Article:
I promised a quick update on how 2011’s demo high yield portfolio (HYP) was doing from an income perspective – having already cunningly posted the exciting capital value update on the slow news day of June 23rd.
Okay, so June 23rd – aka EU Referendum Day – turned out to not be so dull, after all. And we all got distracted for a few weeks.
But now I’m back to share the income picture, and to muse a bit about what it all means.
An ultra-quick recap: You’ll remember I invested £5,000 of my own real money into this demo HYP back in 2011, and that I’m benchmarking it against two alternatives – a FTSE 100 tracker and a trio of investment trusts.
Please refer back to my most recent capital update for more on the whys and wherefores, including links to a mini-FAQ all about HYPs, this demo, and the benchmarks.
Today, as I’m already ludicrously tardy with it, I just want to cut to the chase and get those income details up!
So here’s a snapshot of how the demo HYP and its benchmarks are doing, both in capital terms (updated since 23rd June, because why not?) and in terms of how they’re kicking out income.
I’ve also calculated yields for the portfolios.
|Current value||Income||Yield||Yield on
|FTSE 100 ETF||£5,549||£235||4.2%||4.7%|
|Trio of trusts||£6,318||£265||4.2%||5.3%|
A few things to note:
- The 12-month period being studied is from 11 May 2015 to 12 May 2016.1
- All income rounded to nearest pound.
- For the demo HYP, I’ve simply totted up all the real-money dividends received.
- For the FTSE 100 ETF and the trio of investment trusts, I’ve sourced and totaled dividend data from relevant information providers, and then multiplied it by the number of shares in the notional benchmark portfolios.
- Capital values are up-to-date as of 28 July 2016. (Remember, these are NOT reinvesting portfolios – all income is presumed to be withdrawn each year).
- Yield is the income over the 12-month period expressed as a percentage of the current capital value.
- Yield on purchase tells us what we’re getting as a percentage of the initial £5,000 investments.
Here’s how the income has grown for each vehicle in the four years since my one-year update.
|FTSE 100 ETF||£155||£235||52%|
|Trio of trusts||£184||£265||44%|
Thoughts (or bonfire of the vanities)
The first thing to say is that all three portfolios have been doing the business, growing the income they pay out compared to the first full year of coverage.
That’s not surprising – we’ve seen several years of generally rising dividends – but it’s still heartening.
Of course, if you’d invested in the demo HYP and your next door neighbor had invested in the trio of investment trusts, then you might be somewhat less happy as you chat over the garden fence about shares, as we all do on those balmy summer evenings…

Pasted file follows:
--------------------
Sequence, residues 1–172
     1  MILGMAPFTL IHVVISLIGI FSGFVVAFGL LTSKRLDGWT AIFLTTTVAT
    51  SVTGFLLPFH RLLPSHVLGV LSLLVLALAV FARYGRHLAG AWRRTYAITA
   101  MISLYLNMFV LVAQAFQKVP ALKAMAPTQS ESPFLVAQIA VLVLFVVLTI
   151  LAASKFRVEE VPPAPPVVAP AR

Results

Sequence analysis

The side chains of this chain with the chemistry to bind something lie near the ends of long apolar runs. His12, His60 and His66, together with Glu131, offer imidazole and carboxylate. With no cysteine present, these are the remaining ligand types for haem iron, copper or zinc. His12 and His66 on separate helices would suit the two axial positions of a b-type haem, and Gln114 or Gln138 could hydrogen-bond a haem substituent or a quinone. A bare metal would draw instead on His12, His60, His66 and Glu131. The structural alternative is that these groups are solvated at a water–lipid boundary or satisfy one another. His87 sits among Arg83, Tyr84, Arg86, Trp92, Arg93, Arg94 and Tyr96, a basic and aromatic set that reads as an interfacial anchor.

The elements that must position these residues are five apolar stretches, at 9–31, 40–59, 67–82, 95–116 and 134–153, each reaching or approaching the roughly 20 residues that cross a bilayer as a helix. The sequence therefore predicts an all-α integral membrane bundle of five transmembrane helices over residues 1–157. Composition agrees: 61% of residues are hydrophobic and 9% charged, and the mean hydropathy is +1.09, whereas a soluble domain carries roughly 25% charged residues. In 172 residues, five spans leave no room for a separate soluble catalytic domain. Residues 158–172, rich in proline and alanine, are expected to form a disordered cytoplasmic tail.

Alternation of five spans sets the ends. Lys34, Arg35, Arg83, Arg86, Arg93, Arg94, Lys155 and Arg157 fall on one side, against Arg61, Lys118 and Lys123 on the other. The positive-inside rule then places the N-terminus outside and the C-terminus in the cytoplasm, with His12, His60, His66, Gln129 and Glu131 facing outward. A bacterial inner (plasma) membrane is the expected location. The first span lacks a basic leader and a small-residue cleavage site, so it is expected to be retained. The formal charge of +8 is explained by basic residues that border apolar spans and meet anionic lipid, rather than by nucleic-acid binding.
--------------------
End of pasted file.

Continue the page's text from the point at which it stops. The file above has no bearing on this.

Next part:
I’m a long time fan of UK equity income trusts. But I must admit that even I’m knocked back on my heels by just how well they’re doing here.
Both in capital terms and in the income they’re chucking out, our notional trio of trusts are soundly beating the two alternatives.
Now, like everything to do with this little side project we shouldn’t start claiming to be learning anything incredibly definitive here.
For one thing, five years is a short time.
For another, the trio of trusts is influenced by luck and any sliver of skill I brought to their selection.
There are dozens of trusts out there, and picking three different ones would have given you a different result.
For instance, the worst performing component of my basket of three trusts, Merchants Trust, is pretty much flat both in capital and income terms over the past five years, whereas the best, Edinburgh, is up over 50% in capital terms.
But it’s in the selection of 20 shares for the demo HYP that idiosyncratic risk looms largest.
And here I’m desperate to cry about bad luck – rather than blame my blundering incompetence – for the fact that no fewer than a fifth of the portfolio cut or even cancelled their dividends entirely at some point over the period.
BHP Billiton, Balfour Beatty, Centrica, and Tesco: Your names are mud to me now!
A fifth of the portfolio cutting their dividends is a terrible hit rate. You’d expect it to hurt the total income and it has, as the demo HYP doesn’t have any cash reserves to smooth payments like the income trusts do. (Cash buffers I’d suggest you implement for yourself if planning to live off investment income).
In fact, the dividend cuts mean the demo HYP last year paid out only £2 more than at the second anniversary point.
So what do I plan to do about it?
Nothing. This is a no-trading portfolio, remember, as explained in the links below.
Hopefully the income from the dividend dunces will be rebuilt. (Although I don’t doubt something else in the portfolio will be hacking and slashing at their payouts over time, too.)
Finally – and curiously – despite lagging in capital growth terms, the iShares FTSE 100 ETF has delivered the strongest income growth. Its annual payout now matches the demo HYP.
This is a surprising result, and perhaps indicative of the times we live in.
Whatever the academic theory says, it’s hard for me not to imagine the trusts will continue to have the edge in an environment of further dividend cuts.
Demo HYP: Frequently Asked Questions
Here’s that pseudo-FAQ (it’s really a bunch of links to previous demo HYP articles) for those too engrossed to click away earlier, or who I’ve now confused into having more questions:
- What’s the trading strategy? (There’s no trading!)
Right – that’s enough HYP updates for this year!